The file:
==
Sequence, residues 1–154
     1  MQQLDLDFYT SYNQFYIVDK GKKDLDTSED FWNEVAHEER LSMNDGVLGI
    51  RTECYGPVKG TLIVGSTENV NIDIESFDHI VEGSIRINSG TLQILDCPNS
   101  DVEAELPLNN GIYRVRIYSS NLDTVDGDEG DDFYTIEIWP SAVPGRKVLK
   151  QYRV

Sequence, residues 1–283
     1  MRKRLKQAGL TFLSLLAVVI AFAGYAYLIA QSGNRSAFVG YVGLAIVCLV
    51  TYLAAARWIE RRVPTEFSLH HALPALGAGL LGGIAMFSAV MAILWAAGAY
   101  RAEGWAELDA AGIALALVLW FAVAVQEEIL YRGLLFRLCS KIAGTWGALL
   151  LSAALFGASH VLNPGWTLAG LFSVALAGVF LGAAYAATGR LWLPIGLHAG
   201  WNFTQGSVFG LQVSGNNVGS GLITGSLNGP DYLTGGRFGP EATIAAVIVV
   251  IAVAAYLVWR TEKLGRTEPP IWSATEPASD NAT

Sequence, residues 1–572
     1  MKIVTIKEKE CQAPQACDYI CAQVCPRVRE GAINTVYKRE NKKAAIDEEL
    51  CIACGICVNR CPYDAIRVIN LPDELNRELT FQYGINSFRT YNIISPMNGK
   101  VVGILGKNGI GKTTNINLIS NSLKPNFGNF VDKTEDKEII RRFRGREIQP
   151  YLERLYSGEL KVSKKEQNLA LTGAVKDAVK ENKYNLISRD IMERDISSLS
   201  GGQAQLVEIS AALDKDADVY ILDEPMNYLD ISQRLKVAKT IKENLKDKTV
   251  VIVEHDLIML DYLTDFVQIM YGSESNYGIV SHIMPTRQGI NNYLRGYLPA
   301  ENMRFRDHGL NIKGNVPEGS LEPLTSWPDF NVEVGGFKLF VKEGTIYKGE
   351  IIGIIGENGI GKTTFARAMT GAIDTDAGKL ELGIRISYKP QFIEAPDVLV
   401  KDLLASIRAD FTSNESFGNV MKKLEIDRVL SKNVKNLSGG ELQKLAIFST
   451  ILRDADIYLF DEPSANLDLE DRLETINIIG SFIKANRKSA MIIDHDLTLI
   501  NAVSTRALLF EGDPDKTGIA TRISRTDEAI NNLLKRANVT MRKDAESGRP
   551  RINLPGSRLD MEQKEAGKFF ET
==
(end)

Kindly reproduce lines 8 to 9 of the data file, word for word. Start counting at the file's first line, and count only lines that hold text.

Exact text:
    51  TYLAAARWIE RRVPTEFSLH HALPALGAGL LGGIAMFSAV MAILWAAGAY
   101  RAEGWAELDA AGIALALVLW FAVAVQEEIL YRGLLFRLCS KIAGTWGALL